We’ve been trying to test out all the new hotness, but just about every area we go into on the new app results in some sort of error message. We’ll keep trying.
Read More | Facebook 3.2 for iPhone
During his first (and only) MacWorld keynote speech, Phil Schiller announced the latest update to the iLife suite of software, iLife ‘09. Let’s take each app, one by one, and look at the changes and additions:
iPhoto ‘09: New to iPhoto is Faces. Faces uses facial recognition to organize and tag photos of people. iPhoto will find a face in a photo, and you tell it who it is. It will then find other photos that it thinks are of the same person. Easy way to grab snapshots that feature the same person. Another new organization feature is called Places. This uses the geotagging feature available on a lot of modern cameraa, and puts pins on a map showing the different places that the images were taken. If you have photos that aren’t geotagged, you simply tell iPhoto where the image (or event images) was taken, and it fills in the rest. The map feature is based on Google Maps, so you can zoom in on a location, look at satellite or street view, etc.
Apple has also added in built-in support for Facebook and Flickr to iPhoto - that means no more fumbling around with clunky plugins to get your pictures out of iPhoto and onto those services. A very welcome addition. Facebook users can add the names of people in their images, and iPhoto will retain that info as well (presumedly for the Faces feature.)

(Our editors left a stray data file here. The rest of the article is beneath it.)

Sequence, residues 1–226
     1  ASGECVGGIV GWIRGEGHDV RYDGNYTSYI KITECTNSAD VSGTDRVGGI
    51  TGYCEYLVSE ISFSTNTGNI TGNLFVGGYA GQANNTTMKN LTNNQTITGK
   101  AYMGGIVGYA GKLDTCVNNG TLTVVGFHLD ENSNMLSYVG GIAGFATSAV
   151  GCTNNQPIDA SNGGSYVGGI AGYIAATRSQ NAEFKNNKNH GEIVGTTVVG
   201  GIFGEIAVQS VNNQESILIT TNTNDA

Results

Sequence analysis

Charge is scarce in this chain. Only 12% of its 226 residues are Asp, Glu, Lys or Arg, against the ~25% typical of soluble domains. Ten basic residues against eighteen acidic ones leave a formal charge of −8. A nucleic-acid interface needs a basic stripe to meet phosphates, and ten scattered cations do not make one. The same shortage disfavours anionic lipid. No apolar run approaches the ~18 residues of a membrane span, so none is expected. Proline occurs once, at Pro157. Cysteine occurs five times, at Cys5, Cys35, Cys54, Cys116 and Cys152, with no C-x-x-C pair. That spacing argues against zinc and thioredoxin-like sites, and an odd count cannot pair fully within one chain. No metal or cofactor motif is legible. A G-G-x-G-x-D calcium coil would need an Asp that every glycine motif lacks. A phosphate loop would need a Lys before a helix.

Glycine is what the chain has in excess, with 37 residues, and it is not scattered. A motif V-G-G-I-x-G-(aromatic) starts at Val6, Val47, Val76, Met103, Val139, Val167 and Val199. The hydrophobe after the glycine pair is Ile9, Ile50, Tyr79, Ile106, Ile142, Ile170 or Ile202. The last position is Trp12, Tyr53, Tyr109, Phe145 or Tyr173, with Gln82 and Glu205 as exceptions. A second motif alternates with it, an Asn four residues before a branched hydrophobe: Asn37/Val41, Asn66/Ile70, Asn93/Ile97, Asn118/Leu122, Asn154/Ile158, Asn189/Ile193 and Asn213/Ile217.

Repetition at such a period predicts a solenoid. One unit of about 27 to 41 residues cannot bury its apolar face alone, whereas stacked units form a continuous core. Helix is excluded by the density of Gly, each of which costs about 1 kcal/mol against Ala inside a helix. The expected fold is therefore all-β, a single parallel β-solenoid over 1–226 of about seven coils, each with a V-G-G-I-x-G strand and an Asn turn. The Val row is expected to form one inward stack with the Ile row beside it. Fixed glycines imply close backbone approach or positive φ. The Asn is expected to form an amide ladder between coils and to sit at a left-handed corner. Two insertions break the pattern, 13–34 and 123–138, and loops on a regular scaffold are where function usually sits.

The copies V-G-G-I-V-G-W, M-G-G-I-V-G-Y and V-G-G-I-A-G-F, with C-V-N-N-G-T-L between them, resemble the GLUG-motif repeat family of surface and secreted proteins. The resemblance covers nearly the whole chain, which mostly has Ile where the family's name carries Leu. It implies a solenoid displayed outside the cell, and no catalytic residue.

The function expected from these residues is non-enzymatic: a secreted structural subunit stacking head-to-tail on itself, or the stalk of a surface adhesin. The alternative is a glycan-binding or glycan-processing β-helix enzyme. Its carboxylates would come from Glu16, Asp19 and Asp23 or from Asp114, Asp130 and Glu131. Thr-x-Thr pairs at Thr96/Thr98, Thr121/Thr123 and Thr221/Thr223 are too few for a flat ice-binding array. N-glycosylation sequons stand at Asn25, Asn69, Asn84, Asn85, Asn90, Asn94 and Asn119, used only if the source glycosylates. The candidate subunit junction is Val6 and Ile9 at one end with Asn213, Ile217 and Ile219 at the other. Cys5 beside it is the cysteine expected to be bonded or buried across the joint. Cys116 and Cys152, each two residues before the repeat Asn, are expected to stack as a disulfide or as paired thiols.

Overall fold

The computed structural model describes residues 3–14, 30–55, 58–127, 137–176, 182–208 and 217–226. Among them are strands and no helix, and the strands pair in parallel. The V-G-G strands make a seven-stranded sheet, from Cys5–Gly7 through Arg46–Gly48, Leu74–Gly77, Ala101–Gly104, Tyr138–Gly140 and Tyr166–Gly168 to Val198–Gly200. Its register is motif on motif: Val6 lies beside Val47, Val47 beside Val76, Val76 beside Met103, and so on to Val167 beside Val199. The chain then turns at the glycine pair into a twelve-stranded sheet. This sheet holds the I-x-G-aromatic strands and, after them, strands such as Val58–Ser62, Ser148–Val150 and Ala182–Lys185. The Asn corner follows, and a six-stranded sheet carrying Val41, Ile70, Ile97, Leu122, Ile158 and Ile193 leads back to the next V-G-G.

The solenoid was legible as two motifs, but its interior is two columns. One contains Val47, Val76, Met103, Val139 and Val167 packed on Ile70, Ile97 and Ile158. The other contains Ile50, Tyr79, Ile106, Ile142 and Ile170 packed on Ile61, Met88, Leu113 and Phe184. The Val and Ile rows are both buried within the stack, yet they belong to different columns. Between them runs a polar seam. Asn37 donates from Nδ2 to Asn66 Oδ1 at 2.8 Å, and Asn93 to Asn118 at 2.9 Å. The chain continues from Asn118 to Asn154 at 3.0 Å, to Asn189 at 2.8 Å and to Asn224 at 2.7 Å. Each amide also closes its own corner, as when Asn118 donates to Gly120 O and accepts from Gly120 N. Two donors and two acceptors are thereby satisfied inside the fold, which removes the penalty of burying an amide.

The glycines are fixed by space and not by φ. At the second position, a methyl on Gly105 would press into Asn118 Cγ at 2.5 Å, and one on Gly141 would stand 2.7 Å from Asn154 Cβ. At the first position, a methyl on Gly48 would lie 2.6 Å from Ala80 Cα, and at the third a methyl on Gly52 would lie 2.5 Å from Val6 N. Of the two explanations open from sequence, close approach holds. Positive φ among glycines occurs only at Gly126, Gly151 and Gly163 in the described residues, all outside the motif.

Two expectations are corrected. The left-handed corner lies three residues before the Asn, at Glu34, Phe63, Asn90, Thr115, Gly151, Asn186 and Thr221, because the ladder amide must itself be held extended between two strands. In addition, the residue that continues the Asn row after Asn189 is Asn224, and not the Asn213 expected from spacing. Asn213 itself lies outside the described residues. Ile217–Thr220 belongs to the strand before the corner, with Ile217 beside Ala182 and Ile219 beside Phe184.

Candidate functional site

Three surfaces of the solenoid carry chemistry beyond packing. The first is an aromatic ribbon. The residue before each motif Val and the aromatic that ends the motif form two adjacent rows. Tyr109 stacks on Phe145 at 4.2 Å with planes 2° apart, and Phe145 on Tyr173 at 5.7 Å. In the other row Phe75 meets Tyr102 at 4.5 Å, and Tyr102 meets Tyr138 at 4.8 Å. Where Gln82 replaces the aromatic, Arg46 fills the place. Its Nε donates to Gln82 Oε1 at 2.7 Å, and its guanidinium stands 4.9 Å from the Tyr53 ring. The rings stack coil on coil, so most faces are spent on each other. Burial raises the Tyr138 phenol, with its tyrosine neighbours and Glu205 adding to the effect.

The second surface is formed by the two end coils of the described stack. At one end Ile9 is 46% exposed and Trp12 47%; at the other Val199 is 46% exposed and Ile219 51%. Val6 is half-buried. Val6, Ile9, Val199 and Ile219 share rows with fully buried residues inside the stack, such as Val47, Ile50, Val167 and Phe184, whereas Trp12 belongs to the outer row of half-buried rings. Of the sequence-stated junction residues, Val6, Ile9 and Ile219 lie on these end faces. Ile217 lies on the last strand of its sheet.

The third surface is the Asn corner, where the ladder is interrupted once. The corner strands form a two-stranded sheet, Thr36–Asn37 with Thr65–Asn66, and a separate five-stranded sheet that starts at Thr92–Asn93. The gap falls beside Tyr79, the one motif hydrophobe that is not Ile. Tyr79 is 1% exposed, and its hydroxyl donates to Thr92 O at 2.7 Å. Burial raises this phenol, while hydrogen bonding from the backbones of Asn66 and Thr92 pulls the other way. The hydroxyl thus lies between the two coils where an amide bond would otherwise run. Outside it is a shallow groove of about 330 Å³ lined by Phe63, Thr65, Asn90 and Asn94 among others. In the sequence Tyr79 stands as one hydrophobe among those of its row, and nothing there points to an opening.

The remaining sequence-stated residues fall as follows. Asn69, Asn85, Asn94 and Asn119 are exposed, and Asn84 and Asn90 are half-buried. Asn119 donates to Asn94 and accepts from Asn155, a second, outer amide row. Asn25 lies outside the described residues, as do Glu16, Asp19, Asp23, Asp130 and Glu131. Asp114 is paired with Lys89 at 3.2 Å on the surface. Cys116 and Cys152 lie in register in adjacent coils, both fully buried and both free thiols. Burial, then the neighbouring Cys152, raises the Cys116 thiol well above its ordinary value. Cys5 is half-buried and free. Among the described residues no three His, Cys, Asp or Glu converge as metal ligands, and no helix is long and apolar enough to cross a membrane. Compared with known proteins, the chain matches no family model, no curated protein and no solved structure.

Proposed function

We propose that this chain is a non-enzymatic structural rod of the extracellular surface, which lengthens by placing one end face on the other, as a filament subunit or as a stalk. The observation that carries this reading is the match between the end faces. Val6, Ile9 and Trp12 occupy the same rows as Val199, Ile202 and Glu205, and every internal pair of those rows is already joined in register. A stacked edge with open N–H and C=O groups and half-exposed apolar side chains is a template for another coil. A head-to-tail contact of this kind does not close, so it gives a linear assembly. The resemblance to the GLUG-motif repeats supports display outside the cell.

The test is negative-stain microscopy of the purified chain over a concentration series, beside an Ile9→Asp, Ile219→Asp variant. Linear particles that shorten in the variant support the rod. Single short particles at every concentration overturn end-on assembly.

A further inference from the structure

iPhoto also gets new slideshow themes. You choose a theme and photos, and iPhoto puts it all together. It uses the Faces to find the faces in images so that those are centered and zoomed. You can save slideshows to iTunes, and they can be synced to an iPhone or iPod touch. Something new for the Books too, you can now automatically get maps included, with pins that show your location. Great for making travel books.
iMovie ‘09: Apple has admitted that, since it was new, iMovie ‘08 didn’t have all the features that older customer wanted. This year, they aim to change that. iMovie ‘09 gets a new Precision Editor, Advanced drag & drop (that give you context-sensitive menus,) dynamic themes, and even animated travel maps. So, again, you can use your location data to insert 2D and 3D maps of those locations into your movies.
GarageBand ‘09: GarageBand ‘09 is being updated with a new feature called “Learn to Play,” which brings up an instructor which plays video lessons. If that’s not enough to get you excited, there are even Artist Lessons. You get people like John Fogerty, Colbie Caillat, Sting, Sarah McLachlan, Norah Jones, and Patrick Stump, who will teach you how to play instruments like the guitar or piano.
iLife ‘09 also includes updated versions of iWeb and iDVD, and ships free on new Macs. You can purchase an upgrade for $79, or buy a family pack (good on up to five Macs) for $99, and it will be available in “late January.”
For those wondering, Apple has also released a new version of iWork - iWork ‘09.